In the last couple of years, women’s position improved quite a lot in various socioeconomic indicators. Women are moving ahead on the yardsticks of education and awareness as well. While a vast majority of rural women had very little to no access to healthcare in the past, now they are receiving primary level treatment and medical advice from their local health centers and community hospitals.
Every day a large number of women are reaching out to their local healthcare workers for primary level health care. However, the scenario is completely different when it comes to higher levels of healthcare. At the lower-level facilities, there is a predominance of female attendees but, as the level goes up, the female predominance reduces in a linear fashion. Many rural women are unable to leave their localities to receive specialized treatment. Just like the levels of education, women’s presence/ access start to decrease after the primary level on the way up to secondary and tertiary levels, an analysis of the government’s latest health bulletin for 2016 found.
Experts said that although women’s social position has improved a lot compared to the past, a vast majority of the rural women are still somewhat homebound. As the community clinics are located nearby their houses, they are being able to go there by themselves. However, most of these women have to be accompanied by their husbands/ sons or other relatives to go far away from home for treatment. As women have the sole responsibility to take care of children and do all the household chores, they cannot make enough time for themselves to go to another area/city for higher cost, and possibly time-consuming levels of treatment. As a result, they have to settle for the primary treatment available in their community clinics even when they need a higher level of medical care. Most of the community clinics do not even have any certified doctor, leaving the well-being of rural women solely in the hands of community health providers.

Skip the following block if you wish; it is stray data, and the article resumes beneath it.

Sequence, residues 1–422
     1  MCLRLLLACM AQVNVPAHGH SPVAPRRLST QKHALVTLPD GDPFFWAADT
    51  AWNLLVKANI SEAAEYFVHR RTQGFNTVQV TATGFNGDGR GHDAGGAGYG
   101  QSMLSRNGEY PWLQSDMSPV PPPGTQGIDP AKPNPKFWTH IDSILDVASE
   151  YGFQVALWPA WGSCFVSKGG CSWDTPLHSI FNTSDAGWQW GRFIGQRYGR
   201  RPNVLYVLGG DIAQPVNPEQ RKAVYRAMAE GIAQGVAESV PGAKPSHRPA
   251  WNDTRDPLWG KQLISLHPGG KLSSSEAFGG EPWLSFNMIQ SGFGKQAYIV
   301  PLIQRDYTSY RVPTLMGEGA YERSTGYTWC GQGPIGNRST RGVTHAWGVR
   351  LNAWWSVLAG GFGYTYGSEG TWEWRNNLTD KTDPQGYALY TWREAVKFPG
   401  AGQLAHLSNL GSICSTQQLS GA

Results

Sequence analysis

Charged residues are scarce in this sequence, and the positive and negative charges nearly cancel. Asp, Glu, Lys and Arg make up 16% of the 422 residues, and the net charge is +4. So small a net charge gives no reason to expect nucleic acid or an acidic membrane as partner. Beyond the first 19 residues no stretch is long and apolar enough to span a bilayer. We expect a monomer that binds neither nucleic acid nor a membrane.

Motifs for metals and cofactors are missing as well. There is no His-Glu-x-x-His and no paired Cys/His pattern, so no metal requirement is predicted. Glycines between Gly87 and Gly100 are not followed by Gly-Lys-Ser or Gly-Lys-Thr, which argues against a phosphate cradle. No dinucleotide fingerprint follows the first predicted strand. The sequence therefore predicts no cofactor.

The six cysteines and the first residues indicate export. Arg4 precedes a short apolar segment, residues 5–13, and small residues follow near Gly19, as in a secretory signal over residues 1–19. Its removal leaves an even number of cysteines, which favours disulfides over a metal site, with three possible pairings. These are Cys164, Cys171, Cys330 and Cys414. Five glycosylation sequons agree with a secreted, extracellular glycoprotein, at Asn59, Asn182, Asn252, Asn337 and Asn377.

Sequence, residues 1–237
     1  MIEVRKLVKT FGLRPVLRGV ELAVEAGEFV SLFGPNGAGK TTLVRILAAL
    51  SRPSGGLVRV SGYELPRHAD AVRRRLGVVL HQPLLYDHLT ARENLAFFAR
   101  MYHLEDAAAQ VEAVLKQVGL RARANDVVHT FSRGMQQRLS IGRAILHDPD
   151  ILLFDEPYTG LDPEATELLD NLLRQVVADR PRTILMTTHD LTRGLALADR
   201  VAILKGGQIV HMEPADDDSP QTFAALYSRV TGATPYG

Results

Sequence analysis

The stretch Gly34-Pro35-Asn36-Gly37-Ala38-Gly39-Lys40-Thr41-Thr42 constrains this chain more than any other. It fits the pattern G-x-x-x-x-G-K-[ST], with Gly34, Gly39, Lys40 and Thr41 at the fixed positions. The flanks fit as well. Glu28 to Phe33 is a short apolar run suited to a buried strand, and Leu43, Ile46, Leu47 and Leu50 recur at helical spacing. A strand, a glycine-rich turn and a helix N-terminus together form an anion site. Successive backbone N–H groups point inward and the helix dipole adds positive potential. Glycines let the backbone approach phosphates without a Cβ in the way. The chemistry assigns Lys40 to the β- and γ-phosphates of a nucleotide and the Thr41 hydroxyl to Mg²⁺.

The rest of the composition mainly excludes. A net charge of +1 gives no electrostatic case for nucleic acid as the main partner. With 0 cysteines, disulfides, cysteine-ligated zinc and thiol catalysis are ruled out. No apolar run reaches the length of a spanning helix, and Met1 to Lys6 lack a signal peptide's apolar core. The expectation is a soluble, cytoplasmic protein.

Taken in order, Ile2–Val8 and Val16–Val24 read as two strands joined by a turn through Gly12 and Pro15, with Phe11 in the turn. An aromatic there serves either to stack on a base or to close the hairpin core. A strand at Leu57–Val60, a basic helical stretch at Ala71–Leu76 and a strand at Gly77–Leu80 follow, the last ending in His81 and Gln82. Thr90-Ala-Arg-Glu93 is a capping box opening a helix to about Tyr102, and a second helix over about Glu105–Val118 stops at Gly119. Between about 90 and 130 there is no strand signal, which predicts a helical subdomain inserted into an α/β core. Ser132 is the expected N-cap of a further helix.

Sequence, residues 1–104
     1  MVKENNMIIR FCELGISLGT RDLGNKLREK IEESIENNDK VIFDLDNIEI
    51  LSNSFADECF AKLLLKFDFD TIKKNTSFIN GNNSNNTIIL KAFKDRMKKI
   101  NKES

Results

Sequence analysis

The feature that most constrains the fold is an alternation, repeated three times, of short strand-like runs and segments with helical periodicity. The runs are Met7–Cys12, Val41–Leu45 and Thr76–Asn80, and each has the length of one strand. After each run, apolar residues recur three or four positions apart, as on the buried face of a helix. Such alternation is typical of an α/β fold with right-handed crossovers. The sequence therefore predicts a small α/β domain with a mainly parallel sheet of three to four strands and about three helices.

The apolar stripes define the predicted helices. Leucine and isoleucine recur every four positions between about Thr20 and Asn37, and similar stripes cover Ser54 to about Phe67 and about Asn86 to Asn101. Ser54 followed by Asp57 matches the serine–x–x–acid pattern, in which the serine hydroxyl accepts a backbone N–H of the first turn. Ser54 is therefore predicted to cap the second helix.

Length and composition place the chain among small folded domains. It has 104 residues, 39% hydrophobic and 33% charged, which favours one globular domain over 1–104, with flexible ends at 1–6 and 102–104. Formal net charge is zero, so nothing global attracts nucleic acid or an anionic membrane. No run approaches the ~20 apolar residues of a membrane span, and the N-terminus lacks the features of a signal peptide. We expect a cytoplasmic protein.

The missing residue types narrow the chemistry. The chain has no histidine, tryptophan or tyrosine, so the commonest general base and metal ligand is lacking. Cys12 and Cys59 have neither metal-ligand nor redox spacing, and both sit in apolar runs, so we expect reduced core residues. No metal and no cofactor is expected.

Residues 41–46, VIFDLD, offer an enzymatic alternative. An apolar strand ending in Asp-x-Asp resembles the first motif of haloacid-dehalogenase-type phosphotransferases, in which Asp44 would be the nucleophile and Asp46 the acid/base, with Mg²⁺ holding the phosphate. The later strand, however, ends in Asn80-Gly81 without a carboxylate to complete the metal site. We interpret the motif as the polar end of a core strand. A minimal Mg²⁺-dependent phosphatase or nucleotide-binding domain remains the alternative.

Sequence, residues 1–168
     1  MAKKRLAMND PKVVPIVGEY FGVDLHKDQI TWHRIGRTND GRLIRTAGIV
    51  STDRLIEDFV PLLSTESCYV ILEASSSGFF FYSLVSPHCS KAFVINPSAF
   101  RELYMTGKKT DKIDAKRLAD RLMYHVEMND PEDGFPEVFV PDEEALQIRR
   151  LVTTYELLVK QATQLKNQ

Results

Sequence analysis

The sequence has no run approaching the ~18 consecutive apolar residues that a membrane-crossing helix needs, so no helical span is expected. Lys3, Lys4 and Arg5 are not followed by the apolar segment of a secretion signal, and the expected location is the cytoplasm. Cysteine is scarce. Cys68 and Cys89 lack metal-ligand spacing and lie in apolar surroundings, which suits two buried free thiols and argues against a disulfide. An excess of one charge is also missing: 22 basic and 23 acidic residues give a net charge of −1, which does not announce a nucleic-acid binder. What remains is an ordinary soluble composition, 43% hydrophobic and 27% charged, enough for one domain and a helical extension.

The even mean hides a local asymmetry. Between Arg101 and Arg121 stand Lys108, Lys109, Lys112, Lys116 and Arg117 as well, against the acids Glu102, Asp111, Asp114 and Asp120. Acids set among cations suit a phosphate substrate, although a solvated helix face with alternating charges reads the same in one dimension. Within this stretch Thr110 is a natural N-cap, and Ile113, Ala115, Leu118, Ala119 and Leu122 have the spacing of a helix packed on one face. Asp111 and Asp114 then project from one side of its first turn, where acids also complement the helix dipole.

As per the data of the 2016 health bulletin, about 60.42 percent of the patients admitted in the primary level public health care organizations in 2015 were female and 39.58 percent male. In the primary level community clinics, the ratio between female and male patients is 63.1 vs 41.12 percent. However, in the next levels of healthcare, the scenario is reversed, having a male predominance.